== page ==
Lambda the Ultimate

inactiveTopic OO Weed Languages
started 6/25/2003; 6:37:20 PM - last post 7/2/2003; 5:17:43 PM
Isaac Gouy - OO Weed Languages  blueArrow
6/25/2003; 6:37:20 PM (reads: 1320, responses: 9)
Computational Diversity, Practice and a Passion for Applications
Thoughts On Software Education
Dave Thomas

The moment we start believing that there is only one right language, operating system, modeling language, or computational metaphor we are in serious trouble.

It is indeed unfortunate that important ‘languages’ such as Java, UML and XML, have, through their commercial success, accidentally become ”weed languages” that choke out other interesting language varieties that are perceived as less industrially relevant or worse, without utility. Instead of only focusing on the use of the latest “right” technology, a complete education in computer science should include some basic principles which will allow the student to contribute in a future work environment.

Isaac Gouy - Re: OO Weed Languages  blueArrow
6/28/2003; 7:24:59 AM (reads: 773, responses: 0)
The Poetry of Programming
Richard Gabriel

Beginning in the early 1990s, much of the diversity in programming languages, programming methodologies, different computing paradigms, and so forth, disappeared. Why? Probably because object-oriented languages, methodologies, designs, and architectures became so commercially successful...

And now, since we've been doing objects for about ten years with pretty good success, we don't look at functional languages, or logic-based languages, or declarative languages -- we don't look at lots of different things that we used to.

Peter Van Roy - Re: OO Weed Languages  blueArrow
7/2/2003; 2:32:14 AM (reads: 598, responses: 3)
Joe Armstrong makes a strong case for Concurrency-Oriented Programming. He has a nice talk on the subject that he gave at the MIT Lightweight Languages workshop.

The upshot is that currently popular languages (such as Java) are abysmally bad at doing concurrent programming. Non-mainstream languages such as Erlang and Oz are much better at it. (By the way, there is recent work on an extension of Java called Flow Java that adds dataflow concurrency, Oz style, to Java in a very nice way.)

Concurrency is just one example among many. The point I want to make is that there is a lot of room for improvement with respect to currently popular languages. If you think that current languages are the end of history, then think again! In 1980, a Byte magazine article stated: "There are a million CP/M users. Therefore CP/M will never die!". Who is still using it today?

Ehud Lamm - Re: OO Weed Languages  blueArrow
7/2/2003; 2:35:08 AM (reads: 608, responses: 0)
Oh, I am pretty sure LtU readers don't think that current languages are the end of history.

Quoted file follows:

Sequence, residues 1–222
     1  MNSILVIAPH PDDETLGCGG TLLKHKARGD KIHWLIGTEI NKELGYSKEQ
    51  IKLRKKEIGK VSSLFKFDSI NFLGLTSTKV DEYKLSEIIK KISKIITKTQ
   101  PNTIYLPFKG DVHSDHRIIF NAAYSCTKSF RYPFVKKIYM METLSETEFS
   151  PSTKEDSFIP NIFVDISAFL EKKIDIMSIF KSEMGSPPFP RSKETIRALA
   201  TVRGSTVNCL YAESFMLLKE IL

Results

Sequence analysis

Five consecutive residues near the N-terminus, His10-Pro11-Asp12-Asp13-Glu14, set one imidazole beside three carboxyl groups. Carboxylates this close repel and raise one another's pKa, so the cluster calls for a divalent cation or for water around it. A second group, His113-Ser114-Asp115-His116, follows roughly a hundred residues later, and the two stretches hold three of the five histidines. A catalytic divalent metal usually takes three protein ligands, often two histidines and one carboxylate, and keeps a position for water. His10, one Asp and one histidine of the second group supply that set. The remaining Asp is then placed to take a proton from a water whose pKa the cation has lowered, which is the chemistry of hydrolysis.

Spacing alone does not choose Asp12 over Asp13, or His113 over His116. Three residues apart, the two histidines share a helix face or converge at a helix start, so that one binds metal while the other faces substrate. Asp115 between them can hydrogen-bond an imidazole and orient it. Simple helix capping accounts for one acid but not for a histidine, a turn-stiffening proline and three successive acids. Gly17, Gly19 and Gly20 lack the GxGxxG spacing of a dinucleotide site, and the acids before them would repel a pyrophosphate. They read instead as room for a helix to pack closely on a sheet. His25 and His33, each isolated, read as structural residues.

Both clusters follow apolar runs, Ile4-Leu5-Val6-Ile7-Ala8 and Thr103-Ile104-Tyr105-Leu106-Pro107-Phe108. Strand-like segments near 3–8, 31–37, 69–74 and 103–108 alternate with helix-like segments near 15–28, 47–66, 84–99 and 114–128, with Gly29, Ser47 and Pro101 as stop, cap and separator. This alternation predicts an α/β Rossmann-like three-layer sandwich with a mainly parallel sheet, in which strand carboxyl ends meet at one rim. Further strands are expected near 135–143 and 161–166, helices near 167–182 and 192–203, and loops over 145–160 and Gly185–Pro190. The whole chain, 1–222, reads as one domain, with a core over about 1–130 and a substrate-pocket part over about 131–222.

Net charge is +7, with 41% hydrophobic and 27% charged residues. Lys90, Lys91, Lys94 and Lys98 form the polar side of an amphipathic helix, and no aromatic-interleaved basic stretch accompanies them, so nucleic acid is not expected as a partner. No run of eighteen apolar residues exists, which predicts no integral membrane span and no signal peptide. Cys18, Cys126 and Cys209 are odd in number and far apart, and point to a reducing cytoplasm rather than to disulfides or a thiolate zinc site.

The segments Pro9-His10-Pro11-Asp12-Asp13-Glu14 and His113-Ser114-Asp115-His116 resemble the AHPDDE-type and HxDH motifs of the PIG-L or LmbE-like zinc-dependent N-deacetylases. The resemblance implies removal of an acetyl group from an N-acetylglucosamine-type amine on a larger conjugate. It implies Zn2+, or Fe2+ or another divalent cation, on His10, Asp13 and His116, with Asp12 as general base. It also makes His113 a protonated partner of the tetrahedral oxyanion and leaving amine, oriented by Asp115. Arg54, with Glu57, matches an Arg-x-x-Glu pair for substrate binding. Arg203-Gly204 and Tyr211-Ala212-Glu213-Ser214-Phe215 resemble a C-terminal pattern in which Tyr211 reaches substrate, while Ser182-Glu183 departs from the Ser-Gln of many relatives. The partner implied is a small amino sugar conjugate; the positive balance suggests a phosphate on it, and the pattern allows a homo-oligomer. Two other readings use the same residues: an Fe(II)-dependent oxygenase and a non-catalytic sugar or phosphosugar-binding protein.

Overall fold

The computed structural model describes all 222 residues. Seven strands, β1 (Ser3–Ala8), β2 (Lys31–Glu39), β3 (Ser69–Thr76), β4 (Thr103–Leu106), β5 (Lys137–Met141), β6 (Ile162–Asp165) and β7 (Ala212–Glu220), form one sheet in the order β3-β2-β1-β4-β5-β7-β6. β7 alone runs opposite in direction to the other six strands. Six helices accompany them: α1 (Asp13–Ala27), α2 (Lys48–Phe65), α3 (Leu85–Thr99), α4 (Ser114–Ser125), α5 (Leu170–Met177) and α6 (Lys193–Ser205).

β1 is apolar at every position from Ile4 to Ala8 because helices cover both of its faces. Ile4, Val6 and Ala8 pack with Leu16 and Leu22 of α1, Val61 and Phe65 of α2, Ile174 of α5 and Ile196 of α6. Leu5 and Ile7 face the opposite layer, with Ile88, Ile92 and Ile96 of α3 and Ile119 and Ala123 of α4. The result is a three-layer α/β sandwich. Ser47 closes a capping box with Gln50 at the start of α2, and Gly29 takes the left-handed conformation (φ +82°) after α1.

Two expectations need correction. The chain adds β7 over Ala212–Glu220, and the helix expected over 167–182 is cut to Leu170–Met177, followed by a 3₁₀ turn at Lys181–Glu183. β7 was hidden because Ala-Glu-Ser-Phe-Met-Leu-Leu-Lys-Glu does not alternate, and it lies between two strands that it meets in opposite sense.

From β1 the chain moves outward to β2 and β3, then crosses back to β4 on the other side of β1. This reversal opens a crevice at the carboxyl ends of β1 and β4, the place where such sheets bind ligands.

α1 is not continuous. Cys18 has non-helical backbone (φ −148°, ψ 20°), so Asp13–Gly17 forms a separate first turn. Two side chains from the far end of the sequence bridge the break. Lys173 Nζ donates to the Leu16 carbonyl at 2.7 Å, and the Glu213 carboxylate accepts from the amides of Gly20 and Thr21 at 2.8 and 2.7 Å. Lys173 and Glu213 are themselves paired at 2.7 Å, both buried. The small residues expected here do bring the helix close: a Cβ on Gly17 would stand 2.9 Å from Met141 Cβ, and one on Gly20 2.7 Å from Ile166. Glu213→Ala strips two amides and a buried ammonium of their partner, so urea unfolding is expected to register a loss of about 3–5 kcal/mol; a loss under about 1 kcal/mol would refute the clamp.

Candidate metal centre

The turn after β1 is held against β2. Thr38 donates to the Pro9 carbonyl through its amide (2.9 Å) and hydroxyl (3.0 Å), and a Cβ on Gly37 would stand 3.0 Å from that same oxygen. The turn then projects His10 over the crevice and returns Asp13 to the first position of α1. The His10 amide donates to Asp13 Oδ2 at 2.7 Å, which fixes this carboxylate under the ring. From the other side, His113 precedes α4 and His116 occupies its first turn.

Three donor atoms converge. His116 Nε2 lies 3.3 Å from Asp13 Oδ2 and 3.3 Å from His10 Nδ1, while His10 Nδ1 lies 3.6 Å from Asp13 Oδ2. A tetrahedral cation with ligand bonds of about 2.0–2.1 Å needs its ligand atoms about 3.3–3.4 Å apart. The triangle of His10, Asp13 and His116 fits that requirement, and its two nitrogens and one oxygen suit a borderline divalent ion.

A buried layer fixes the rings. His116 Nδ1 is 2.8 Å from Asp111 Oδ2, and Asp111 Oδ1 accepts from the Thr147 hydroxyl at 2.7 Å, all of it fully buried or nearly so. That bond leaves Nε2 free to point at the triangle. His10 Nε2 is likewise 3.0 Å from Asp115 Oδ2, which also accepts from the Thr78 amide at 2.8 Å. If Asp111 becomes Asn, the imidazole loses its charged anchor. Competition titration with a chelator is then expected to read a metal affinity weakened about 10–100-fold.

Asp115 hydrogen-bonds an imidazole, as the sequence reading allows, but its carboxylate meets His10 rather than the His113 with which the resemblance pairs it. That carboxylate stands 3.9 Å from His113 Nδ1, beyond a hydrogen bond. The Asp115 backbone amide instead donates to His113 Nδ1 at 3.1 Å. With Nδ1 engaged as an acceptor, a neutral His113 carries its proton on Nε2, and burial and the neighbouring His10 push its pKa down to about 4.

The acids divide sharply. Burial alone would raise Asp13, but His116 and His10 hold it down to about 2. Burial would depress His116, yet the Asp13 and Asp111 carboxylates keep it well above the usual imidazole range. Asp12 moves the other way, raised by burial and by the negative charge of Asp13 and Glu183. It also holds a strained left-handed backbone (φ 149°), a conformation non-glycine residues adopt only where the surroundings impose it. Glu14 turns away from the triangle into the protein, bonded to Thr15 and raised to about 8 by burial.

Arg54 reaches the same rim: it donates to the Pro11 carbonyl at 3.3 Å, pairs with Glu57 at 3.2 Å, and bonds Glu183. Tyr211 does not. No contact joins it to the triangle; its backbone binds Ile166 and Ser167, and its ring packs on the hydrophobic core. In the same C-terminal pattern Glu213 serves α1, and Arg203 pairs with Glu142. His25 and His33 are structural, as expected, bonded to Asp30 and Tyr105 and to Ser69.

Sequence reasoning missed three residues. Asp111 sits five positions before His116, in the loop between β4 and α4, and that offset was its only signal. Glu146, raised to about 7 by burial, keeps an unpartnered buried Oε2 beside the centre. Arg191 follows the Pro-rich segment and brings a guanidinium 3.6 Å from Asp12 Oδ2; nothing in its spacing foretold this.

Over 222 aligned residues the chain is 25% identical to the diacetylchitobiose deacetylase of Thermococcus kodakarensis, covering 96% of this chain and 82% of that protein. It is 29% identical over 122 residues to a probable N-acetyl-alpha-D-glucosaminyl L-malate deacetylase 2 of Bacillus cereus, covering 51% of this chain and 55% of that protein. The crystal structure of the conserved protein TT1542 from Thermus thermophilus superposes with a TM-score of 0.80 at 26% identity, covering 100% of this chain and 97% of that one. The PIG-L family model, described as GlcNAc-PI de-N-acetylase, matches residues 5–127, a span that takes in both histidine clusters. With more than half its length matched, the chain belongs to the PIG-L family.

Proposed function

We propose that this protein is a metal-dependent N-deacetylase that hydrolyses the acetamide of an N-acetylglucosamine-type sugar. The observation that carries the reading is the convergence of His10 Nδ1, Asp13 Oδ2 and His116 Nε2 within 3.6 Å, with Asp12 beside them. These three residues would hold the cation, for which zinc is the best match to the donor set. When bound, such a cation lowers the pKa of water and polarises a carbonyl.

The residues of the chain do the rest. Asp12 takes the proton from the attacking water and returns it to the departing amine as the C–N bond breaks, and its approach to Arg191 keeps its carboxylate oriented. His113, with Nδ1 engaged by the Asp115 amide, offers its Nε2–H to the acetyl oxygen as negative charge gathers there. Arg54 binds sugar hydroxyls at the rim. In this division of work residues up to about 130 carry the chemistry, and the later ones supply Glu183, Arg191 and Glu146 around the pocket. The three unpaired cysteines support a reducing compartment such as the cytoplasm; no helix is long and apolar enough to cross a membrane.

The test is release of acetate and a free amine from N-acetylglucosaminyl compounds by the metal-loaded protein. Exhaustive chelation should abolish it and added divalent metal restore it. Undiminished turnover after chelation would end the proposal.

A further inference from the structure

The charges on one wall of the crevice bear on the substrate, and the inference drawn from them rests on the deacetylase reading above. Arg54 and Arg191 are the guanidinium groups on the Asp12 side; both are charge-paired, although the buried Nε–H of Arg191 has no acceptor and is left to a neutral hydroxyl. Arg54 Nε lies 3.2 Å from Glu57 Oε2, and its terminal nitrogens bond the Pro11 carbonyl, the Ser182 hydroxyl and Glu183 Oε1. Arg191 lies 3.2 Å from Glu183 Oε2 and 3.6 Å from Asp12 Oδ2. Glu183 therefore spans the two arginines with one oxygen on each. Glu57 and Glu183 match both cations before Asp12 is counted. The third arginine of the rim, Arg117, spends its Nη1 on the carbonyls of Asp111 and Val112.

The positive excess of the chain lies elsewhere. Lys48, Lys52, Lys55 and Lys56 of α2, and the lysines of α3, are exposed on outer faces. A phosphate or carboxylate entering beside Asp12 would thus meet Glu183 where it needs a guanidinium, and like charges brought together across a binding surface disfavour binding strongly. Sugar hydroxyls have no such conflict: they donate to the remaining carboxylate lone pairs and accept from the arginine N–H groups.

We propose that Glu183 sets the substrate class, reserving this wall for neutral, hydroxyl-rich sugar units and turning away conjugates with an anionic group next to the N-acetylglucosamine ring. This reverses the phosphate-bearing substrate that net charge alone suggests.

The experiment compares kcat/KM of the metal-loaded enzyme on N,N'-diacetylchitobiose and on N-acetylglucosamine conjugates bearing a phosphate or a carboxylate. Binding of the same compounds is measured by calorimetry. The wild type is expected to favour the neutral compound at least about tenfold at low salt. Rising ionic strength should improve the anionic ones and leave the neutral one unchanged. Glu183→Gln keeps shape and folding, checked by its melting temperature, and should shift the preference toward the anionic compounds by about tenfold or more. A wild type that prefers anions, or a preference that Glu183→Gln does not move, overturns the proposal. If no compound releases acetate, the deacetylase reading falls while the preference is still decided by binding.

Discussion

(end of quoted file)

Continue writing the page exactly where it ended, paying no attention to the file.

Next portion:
Heck, they are not even the beginning of the end of history...

Isaac Gouy - Re: OO Weed Languages  blueArrow
7/2/2003; 8:21:59 AM (reads: 575, responses: 0)
They are not the end. They are not even the beginning of the end. But they are perhaps the end of the beginning.

From the outside it's difficult to assess how much todays languages dominate CS Education. There are comments which suggest monoculture and there are comments which suggest diversity.

Of course, what I really care about is the opportunity to work with more powerful tools.

Frank Atanassow - Re: OO Weed Languages  blueArrow
7/2/2003; 8:40:59 AM (reads: 588, responses: 0)
No, they are the cdaddar of history.

andrew cooke - Re: OO Weed Languages  blueArrow
7/2/2003; 10:33:15 AM (reads: 602, responses: 1)
recent work on an extension of Java called Flow Java that adds dataflow concurrency

where?! i know of the csp java stuff from peter welch et al, but i presume this is different - do you have any references? i did try googling, but failed miserably (there seems to be a class called in sun's code base...!)

Isaac Gouy - Re: OO Weed Languages  blueArrow
7/2/2003; 11:22:11 AM (reads: 615, responses: 0)
Ooops just missed the seminar ;-)

Flow Java: Declarative Concurrency for Java

andrew cooke - Re: OO Weed Languages  blueArrow
7/2/2003; 12:08:47 PM (reads: 580, responses: 1)
ouch! (frank's joke finally clicked).

(thanks for the reference - i've emailed schulte)

andrew cooke - Re: OO Weed Languages  blueArrow
7/2/2003; 5:17:43 PM (reads: 595, responses: 0)
ok, i got a quick + helpful reply that included a draft paper that i am bound by oath not to circulate (ha!). a web version will be available shortly.

however, i presume i can explain the main point, which would have been covered by his talk today. the work extends java (compiler and vm, as far as i can tell) by adding single assignment variables (an additional qualifier to variable declarations - "single"). once you do that, everything carries across from oz, more or less (i presume).

so i'm kind-of sad - i suspect single assignment has a snowball in hell's chance of being accepted into the main language if it implies changes in the vm.